Hello again this is Lynne, and just to remind you, I recently began a new job developing SNAP outreach efforts to help Minnesota nonprofits combat hunger among older adults. One of the best parts of my work is the opportunity to explore new events and settings for connecting seniors to the resources they need. I am learning that the best conversations about Minnesotans’ daily struggles and the programs that can help often take place where I least expect them.
This year at the State Fair, AARP Minnesota sponsored a day of entertainment in Carousel Park. From early morning through mid-afternoon, this area of the fairgrounds was home to two bands, several carnival games and many AARP volunteers. Children, young men and grandparents competed in a strongman contest just yards away from my SNAP information booth. I expected many people to be drawn into my tent by colorful flyers and giveaways, then quickly distracted by the nearby games. Watching the crowd, I set a goal of engaging two hundred people in a quick trivia game to dispel myths about the SNAP program.
My goal proved to be based on a gross underestimate of our area’s popularity. By noon, we had largely abandoned our trivia game to answer individual questions about eligibility. The trivia sheets I distributed to volunteers were quickly filled with names, phone numbers and scribbled notes from passersby who asked for a personal follow-up or information on volunteer opportunities. Using the back of a flyer, I frantically began tallying the number of people I referred to the Minnesota Food HelpLine for application assistance and benefits questions. When this number reached thirty, I stopped to reflect for a moment.
At first glance, a hot, sunny Saturday at the Great Minnesota Get-Together seemed like an inopportune time to talk about gaining access to healthy food. It quickly became clear to me that for many Minnesotans, this gathering serves as an opportunity to mix learning with fun. Even amidst the state’s largest selection of fried foods on a stick, people were eager to learn about incentives and pilot programs that could help their loved ones stretch their SNAP benefits at farmers’ markets. Several caregivers and a handful of healthcare professionals stopped to inquire about bringing SNAP information sessions into their communities. This event was precisely the environment I envisioned when I realized that conversations about hunger, health and aging need to become part of our daily lives.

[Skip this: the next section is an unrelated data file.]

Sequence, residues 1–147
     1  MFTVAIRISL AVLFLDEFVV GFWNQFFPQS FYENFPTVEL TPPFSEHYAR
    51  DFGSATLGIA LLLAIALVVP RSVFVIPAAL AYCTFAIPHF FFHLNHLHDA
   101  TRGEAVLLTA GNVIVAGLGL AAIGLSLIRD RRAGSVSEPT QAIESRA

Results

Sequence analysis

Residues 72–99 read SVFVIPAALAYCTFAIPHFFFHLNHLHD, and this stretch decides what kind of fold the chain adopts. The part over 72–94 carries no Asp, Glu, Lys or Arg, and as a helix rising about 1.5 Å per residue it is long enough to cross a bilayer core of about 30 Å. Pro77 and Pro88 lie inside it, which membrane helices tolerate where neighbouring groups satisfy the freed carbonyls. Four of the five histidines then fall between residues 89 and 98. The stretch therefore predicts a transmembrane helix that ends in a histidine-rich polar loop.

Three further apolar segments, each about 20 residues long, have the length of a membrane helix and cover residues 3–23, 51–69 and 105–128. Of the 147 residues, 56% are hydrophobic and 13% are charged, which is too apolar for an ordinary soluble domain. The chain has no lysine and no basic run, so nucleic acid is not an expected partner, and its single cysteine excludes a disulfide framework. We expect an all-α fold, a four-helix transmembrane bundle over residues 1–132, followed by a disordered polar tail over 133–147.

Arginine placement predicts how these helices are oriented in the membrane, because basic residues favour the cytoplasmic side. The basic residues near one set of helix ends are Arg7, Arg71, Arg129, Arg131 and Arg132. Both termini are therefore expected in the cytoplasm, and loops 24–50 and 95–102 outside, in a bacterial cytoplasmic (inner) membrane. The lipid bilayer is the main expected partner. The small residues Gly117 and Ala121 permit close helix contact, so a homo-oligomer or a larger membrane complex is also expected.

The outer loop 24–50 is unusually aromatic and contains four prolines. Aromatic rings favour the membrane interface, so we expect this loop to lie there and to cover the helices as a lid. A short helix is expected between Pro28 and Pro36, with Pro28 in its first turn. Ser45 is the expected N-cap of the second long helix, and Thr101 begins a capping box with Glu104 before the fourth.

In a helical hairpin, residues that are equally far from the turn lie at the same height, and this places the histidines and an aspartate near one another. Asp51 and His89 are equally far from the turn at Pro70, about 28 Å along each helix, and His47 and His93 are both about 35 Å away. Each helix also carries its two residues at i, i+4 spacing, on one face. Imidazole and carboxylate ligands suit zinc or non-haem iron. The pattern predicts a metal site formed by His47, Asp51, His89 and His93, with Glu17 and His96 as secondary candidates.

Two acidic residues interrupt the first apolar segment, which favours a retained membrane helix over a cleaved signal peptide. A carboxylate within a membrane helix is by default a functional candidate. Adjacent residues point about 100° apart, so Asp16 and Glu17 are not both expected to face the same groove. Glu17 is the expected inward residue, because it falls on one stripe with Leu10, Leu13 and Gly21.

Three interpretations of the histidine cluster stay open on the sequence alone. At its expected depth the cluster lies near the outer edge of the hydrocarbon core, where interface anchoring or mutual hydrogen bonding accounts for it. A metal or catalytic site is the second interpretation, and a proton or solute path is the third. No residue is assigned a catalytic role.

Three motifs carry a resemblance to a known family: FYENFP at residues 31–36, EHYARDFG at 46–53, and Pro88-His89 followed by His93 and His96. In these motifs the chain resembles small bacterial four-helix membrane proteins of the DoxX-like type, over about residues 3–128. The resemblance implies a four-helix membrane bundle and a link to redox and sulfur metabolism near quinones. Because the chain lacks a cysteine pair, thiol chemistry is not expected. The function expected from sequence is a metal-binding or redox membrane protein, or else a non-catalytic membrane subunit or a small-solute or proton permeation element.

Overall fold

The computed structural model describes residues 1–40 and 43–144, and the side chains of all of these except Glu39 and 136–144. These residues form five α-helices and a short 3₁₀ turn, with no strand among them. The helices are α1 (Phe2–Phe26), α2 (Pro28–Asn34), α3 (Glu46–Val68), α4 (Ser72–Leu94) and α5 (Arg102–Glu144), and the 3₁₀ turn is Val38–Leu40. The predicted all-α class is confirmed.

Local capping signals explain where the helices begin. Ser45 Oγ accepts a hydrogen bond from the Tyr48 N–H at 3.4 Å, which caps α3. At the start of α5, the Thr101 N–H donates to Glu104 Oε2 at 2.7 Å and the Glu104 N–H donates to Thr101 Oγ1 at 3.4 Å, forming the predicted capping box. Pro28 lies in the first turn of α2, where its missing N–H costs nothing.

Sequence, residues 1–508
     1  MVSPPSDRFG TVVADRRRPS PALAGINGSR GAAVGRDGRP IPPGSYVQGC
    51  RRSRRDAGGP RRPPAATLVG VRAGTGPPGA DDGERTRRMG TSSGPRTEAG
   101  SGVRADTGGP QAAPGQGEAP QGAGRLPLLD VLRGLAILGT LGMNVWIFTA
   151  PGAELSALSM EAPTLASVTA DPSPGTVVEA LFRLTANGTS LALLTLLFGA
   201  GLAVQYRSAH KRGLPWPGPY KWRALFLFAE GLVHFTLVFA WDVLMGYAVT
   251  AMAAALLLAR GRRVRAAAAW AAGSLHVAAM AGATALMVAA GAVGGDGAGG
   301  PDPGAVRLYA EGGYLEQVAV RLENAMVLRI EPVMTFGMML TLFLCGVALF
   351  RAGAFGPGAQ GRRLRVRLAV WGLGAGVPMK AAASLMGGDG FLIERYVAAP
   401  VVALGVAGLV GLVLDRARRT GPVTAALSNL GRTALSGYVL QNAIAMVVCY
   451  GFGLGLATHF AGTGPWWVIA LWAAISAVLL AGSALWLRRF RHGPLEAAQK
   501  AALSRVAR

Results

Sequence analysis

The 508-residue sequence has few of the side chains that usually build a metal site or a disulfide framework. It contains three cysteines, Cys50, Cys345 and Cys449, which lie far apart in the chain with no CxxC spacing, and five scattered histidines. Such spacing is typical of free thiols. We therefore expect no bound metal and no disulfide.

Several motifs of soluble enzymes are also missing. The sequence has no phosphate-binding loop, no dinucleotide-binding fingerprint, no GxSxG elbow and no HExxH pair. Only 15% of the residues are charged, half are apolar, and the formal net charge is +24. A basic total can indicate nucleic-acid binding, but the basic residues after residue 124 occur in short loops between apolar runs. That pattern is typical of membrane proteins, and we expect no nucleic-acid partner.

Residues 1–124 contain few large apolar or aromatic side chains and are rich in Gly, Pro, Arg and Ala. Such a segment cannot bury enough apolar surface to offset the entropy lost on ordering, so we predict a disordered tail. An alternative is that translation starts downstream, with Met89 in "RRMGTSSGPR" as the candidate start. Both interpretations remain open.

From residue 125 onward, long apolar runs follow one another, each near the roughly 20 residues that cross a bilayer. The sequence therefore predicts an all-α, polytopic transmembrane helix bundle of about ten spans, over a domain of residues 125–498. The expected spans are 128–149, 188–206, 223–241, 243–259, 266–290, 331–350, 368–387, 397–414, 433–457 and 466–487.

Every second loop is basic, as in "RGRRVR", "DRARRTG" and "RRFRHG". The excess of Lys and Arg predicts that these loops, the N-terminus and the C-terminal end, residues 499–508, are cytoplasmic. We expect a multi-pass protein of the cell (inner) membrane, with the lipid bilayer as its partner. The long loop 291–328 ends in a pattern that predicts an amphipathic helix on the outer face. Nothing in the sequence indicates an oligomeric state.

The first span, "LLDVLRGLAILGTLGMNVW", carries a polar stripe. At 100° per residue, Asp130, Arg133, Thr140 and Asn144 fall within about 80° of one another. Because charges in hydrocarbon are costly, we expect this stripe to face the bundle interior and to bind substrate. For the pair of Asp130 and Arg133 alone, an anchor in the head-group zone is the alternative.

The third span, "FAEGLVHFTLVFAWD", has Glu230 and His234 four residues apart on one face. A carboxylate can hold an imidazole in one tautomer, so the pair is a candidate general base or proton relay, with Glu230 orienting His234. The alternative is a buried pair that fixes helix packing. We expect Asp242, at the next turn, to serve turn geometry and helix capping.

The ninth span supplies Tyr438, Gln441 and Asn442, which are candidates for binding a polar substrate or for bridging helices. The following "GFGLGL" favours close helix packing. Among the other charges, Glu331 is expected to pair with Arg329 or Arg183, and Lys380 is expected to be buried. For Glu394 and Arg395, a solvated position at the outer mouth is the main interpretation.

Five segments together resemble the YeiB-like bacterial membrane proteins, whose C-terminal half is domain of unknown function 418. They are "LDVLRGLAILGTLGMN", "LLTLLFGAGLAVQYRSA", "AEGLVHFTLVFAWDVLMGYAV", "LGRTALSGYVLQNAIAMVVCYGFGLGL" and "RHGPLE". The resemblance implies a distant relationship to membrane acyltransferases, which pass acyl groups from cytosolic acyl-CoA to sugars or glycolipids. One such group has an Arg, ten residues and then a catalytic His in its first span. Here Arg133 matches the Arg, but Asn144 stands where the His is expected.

One of my coworkers made a comment that described this event and all of our efforts to combat senior hunger in Minnesota perfectly as we cleaned our area of Carousel Park. He said: “This was good, and we can do so much more.” With the help of volunteers, we can harness the concern and the motivation in our communities to make sure all Minnesotans have access to the healthy food they need.
Lynne McMullen is an AmeriCorps VISTA member with the National Anti-Hunger and Opportunity Corps, a project of New York City Coalition Against Hunger serving with the AARP Foundation at AARP Minnesota. Over the next year, she will be developing SNAP outreach efforts to help Minnesota nonprofits combat hunger among senior citizens and blogging about her experience.